I am taking a world music course this quarter and the professor brought in a bunch of crazy instruments (some he made) and I asked him if we can set up a time to record samples of these unique instruments. He said yeah so now I want to make sure I get it right, because there is only one shot. The instruments are percussive, stringed and a few I don't know what to classify as. I plan on bringing a SM57 for the really loud instruments and a large cap condenser for the quieter instruments. I have a shotgun and several other really nice mics I can use but what would be the mics you would bring to this session?

  • Also do you know of any good places to rent some of these mics from in the L.A, Pasadena, Pomona area?
    – ShaunKelly
    Jan 8 '11 at 20:14

That sounds awesome!

How many channels do you have?

A nice pair of Small diaphragm condensers and a pair of large diaphragms condensers should cover many bases very well, a contact mic wouldn't hurt.. And depending on the space you're going to record take a few extra mic stands so you can set the arms horizontally and set blankets and stuff for a little acoustic treatment if needed.

  • 1
    @filipe chagas I have 4 channels going straight into pro tools and 2 on my field recorder.
    – ShaunKelly
    Jan 8 '11 at 5:52
  • @Shaunkelly in that case i think i would do 2 close mics and 2 room mics going to protools (depends on the instrument of course) and use the field recorder to do the "something you've never done" that ntkeep suggested, and if you can use a slate or a hand clap to sync them after the fact (or if your field recorder as digital outs maybe you can record them to protools via spdif?) Jan 8 '11 at 14:06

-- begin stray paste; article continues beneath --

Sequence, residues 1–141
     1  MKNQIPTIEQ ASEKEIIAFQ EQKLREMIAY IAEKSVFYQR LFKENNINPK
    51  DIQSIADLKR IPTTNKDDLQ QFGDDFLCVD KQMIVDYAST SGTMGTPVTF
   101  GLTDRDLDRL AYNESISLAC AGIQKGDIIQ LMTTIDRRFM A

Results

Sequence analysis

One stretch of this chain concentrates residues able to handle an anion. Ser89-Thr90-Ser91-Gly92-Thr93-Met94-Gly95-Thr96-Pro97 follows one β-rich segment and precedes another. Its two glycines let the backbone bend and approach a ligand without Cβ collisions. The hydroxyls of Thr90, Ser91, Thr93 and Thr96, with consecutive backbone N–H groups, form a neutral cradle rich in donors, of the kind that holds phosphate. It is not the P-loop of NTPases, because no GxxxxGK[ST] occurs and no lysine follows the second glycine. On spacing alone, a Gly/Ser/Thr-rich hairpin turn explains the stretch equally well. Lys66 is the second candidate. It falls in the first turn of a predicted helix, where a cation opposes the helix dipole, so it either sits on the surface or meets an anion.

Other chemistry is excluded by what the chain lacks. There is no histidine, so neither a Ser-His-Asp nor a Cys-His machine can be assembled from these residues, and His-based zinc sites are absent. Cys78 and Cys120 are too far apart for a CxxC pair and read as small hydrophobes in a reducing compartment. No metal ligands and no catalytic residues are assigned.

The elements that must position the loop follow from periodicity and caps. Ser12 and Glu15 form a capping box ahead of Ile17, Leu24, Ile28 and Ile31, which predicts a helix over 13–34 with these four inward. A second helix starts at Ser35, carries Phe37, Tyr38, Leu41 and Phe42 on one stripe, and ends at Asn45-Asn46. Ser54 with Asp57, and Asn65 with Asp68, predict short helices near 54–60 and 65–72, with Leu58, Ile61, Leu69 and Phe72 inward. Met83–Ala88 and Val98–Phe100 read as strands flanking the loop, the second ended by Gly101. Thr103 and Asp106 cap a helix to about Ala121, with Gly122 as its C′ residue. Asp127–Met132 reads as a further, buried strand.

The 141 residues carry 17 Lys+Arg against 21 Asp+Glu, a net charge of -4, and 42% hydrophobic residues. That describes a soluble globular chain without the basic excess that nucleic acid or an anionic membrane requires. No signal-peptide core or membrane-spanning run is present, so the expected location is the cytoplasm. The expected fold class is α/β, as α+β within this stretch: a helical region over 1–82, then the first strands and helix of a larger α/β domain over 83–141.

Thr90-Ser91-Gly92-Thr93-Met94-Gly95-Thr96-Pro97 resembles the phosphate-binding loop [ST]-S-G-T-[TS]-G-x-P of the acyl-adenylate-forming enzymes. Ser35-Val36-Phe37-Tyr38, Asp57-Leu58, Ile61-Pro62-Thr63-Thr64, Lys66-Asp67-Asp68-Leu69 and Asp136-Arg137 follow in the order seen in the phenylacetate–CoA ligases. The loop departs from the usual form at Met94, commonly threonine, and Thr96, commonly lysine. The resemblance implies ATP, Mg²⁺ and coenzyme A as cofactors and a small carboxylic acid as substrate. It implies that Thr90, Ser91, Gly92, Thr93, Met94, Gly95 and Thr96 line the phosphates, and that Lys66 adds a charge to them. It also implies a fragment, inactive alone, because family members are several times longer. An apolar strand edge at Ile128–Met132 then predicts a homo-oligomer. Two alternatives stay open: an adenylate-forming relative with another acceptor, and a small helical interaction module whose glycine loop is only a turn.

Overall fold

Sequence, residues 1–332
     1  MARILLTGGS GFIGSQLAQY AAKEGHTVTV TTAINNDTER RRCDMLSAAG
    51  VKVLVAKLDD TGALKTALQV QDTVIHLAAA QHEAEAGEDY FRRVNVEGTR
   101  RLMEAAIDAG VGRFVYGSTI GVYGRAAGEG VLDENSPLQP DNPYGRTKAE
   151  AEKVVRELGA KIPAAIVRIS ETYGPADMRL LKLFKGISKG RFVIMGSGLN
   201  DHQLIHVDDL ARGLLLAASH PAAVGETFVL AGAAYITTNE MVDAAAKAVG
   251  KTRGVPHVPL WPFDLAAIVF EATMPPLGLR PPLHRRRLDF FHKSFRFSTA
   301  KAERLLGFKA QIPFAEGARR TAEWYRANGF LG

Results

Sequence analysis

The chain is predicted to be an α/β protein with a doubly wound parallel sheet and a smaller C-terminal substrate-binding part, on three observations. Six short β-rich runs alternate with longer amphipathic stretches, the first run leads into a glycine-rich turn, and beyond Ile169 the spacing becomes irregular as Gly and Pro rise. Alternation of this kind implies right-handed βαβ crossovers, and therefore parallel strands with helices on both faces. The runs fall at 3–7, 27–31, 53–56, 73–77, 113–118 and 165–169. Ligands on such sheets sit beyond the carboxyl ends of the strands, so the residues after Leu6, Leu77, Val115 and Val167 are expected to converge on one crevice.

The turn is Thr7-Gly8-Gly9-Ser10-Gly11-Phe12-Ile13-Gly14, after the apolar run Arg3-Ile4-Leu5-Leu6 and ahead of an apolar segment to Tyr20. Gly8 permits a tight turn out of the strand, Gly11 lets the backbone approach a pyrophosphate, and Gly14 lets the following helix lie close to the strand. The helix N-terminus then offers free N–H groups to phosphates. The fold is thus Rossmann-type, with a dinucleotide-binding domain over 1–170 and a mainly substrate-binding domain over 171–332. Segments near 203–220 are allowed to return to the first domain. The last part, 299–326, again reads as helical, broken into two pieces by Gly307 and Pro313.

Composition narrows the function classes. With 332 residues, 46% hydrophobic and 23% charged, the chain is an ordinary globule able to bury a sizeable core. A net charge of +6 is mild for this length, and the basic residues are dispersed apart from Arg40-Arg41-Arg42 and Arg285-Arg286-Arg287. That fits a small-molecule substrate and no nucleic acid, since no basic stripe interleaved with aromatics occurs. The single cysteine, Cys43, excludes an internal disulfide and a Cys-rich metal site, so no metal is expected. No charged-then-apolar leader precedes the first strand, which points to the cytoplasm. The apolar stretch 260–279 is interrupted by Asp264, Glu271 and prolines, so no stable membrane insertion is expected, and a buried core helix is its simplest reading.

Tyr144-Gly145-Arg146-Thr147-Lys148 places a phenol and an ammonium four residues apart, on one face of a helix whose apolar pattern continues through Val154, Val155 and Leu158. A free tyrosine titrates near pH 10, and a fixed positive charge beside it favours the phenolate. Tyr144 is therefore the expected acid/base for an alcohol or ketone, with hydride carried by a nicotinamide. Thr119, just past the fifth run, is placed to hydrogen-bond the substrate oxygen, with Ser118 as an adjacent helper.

• many +1s for contact mic. Jan 8 '11 at 19:27

Two PZMs taped back-to-back on a flat surface (ex. clipboard, piece of wood) and then hung from a mic stand above the instrument at 6-8' should give a really nice "you are there" image. This technique has been used on drumkits with great success.

  • Have you tried this? Where have you heard of this being done? It's news to me. My first instinct is that it might sound too dull to use as drum overheads.
    – Utopia
    Jan 8 '11 at 2:26
  • @Ryan, did it all the time in college; it's a simple, effective way of getting a drummer's POV with room ambience. Also an interesting technique for field recording. Jan 8 '11 at 2:36
  • Nice. Never tried it - maybe once I get some PZM mics... Got a brand of PZM you like most?
    – Utopia
    Jan 8 '11 at 3:38
  • @Utopia, go with the old Crowns. Jan 8 '11 at 4:08
  • I used to carpet tape pccs which are very similar to pzms to wooden boards mounted on music stands for use within orchestras. They can give a good sound, I just used them so that no one could see any mics as nobody notices that there are too many music stands.
    – user80
    Jan 8 '11 at 12:45

Percussion I would use a stereo Royer SF-12. The last album I worked on I recorded bongos, congas, acoustic guitar, and ocarina with this mic and it worked beautifully on all of them.

Flutes and such I'd use a Royer 122 if it needs brightness, or a regular 121.

Loud stuff, yeah an SM57 would work, but maybe try a padded Schoeps MK5, MK6 or MK41 capsule. I also own an AKG C5 which beats an SM57 on certain things any day - it's like a dynamic mic but uses condenser technology.